©Wednesday, October 14, 2009, Greg Howell

Great Iconography! Schoolhouse Rock!

Written By: Greg Howell - Apr• 28•18

There are many people today, upon hearing someone speak of the Boston Tea Party, immediately visualize a giant, animated cup filled with tea, setting on a saucer, floating around the Boston Harbor! Schoolhouse Rock!, the brainchild of jazz musician and Miles Davis sideman, Bob Dorough, offered up three minute blocks of educational animation with some of Saturday morning’s all-time best sonic and visual treats. Airing on ABC, each season Schoolhouse Rock! featured themed segments of approximately 9-12 episodes. Season one was subtitled “Mathematics Rock,” season two featured “Grammar Rock,” and season three featured “America Rock” and so on through each of its seven seasons.

With emphasis on the songwriting, the tunes became classic, well-loved symbols of Americana and dabbled in such popular genres as jazz, funk, and rock. Bob Dorough created the songs upon seeing his son struggle with his multiplication tables, yet seemingly having no problems remembering the lines to his favorite rock songs. His first song, Three is a Magic Number, was released as a children’s record in 1972, and landed into the hands of ABC’s ad agency, McCaffrey and McCall. This was the perfect solution for the recent FCC requirement for networks to improve their children’s programming!

Soon, McCaffrey and McCall established a stable of talent that included their then-unknown guitar strumming secretary, Lynn Ahrens. Besides her addition of such classics as “Figure Eight” and “The Preamble,” Miss Ahrens would go on to win many accolades for her theater work, including a Tony award.

Singer and cast member Jack Sheldon, famous as Merv Griffin’s sidekick, was also brought aboard, and was the voice of classic segments such as “I’m Just a Bill” and “Conjunction Junction.”

Popular jazz singer and pianist Blossom Dearie performed episodes for the show, including “Figure Eight” and “Unpack Your Adjectives.”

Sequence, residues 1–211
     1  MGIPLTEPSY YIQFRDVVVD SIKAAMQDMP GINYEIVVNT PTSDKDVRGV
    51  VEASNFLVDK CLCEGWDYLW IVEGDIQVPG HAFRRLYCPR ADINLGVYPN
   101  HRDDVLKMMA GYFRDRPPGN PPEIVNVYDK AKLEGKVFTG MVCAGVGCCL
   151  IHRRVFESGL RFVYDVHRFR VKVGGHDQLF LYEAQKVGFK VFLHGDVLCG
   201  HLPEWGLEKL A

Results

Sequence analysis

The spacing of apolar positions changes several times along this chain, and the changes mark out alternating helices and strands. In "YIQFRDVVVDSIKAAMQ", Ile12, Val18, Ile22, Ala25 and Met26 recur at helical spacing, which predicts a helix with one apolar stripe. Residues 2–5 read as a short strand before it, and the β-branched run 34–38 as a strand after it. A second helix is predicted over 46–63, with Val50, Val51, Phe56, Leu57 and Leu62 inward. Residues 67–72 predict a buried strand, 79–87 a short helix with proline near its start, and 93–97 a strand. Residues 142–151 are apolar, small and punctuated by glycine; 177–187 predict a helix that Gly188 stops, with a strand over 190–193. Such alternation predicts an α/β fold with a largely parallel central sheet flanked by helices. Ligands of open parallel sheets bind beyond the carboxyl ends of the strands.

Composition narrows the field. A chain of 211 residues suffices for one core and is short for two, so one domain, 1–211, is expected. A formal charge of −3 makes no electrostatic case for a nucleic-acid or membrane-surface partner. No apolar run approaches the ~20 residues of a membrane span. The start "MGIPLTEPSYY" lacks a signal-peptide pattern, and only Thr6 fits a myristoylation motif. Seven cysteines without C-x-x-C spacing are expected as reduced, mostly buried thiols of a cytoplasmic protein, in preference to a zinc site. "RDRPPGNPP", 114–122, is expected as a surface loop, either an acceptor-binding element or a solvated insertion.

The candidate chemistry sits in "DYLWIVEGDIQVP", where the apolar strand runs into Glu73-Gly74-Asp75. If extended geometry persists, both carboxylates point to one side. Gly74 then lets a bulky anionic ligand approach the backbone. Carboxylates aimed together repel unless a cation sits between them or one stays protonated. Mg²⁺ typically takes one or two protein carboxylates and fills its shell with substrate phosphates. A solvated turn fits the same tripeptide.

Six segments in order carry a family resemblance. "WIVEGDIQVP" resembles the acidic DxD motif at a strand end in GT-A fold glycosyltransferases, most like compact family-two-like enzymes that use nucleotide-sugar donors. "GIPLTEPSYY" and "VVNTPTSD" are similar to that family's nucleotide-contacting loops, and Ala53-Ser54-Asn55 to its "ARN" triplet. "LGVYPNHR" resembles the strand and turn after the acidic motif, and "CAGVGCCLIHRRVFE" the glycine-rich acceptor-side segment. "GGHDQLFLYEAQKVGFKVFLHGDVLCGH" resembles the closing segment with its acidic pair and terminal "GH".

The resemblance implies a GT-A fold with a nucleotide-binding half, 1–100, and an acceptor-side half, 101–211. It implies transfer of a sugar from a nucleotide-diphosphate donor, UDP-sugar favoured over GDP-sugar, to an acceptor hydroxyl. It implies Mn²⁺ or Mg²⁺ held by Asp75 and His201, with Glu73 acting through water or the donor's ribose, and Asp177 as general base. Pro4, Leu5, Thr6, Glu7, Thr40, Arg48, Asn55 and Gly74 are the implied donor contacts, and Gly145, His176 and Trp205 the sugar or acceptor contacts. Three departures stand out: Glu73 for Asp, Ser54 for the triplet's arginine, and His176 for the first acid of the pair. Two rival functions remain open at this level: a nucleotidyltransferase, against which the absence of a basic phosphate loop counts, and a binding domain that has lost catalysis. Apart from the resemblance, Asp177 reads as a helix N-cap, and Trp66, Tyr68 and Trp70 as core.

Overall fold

While the iconic imaging is well remembered, it is the cleverly written song lyrics that are the essential elements of Schoolhouse Rock! Lyrics like

Conjunction Junction, what’s your function?
Hooking up words and phrases and clauses
In complex sentences like:
[spoken] In the mornings, when I’m usually wide awake, I love to take a walk through the gardens and down by the lake, where I often see a duck and a drake, and I wonder, as I walk by, just what they’d say if they could speak, although I know that’s an absurd thought.

From “Elbow Room”

One thing you will discover
When you get next to one another
Is everybody needs some elbow room, elbow room.

It’s nice when you’re kinda cozy, but
Not when you’re tangled nose to nosey, oh,
Everybody needs some elbow, needs a little elbow room.

And this eyebrow raising classic, “Verb,” which writer Dorough thought wouldn’t pass ABC censors; but, it did!

I get my thing in action >> Verb!
To be, to sing, to feel, to live… >> Verb! That’s what’s
>> happenin’!
I put my heart in action >> Verb!
To run, to go, to get, to give… >> Verb! You’re what’s
>> happenin’!

Schoolhouse Rock premiered January 13, 1973 and ran from 1973-1985, and returned with new segments from 1994-1996, and another 11 episode batch in 2009; ultimately, the show produced 64 episodes. These are available by DVD and the songs are available on Itunes and on CD by Rhino. A tribute album was released in the 1996, and included artists such as Deluxe Folk Implosion, Better Than Ezra, Pavement, Ween, The Lemonheads, Moby and Blind Melon.

Bob Dorough passed away last week, April 23, 2018 at the age of 94!

View several of the most-beloved segments from the shows first three seasons on our Facebook page.

Great Iconography! Schoolhouse Rock! Premiere January 13, 1973